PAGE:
In the process, he discovered that he was racing toward the loving home life he cherished and, at the same time, trying to get away from something far worse -- his legacy of horrific childhood abuse. Strickland's memoir is filled with lyrical insights on training and dedication, racing scenes packed with nail-biting suspense, and powerful reflections on the meaning of family. Because for Strickland, it's definitely not about the bike.
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Transitions between these memories and the highly dramatized bike races (whose nuances may be lost on readers unfamiliar with cycling) are occasionally jarring, but the author manages to create sufficient tension even for those who don’t know Lance Armstrong from Lance Bass.| Read Full Review of Ten Points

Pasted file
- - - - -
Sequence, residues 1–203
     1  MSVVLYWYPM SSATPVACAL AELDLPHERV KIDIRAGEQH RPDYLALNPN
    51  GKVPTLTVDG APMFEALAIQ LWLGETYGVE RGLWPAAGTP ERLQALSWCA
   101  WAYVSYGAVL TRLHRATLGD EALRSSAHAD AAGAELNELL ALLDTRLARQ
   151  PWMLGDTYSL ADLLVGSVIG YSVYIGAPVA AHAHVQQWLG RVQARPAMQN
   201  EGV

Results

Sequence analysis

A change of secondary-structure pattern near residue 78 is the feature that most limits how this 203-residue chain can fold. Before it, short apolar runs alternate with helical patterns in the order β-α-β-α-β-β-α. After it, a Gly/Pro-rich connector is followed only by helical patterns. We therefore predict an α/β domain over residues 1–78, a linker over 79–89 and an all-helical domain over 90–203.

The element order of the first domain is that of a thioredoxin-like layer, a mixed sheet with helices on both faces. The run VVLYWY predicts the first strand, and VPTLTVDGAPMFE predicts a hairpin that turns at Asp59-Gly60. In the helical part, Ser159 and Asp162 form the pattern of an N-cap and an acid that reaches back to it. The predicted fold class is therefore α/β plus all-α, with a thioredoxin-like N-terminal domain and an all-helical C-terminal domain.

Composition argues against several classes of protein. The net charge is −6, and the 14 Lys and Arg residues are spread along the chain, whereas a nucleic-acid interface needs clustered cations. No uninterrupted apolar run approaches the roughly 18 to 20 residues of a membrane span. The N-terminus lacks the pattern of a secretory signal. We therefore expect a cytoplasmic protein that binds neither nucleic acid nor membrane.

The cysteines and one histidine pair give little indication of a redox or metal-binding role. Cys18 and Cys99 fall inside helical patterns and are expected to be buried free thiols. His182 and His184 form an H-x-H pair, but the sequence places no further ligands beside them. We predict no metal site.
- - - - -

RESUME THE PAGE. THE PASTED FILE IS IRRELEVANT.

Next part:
Bill Strickland is the kind of cycling fanatic whose two-wheeler costs more than his pickup truck.Jul 16 2007 | Read Full Review of Ten Points
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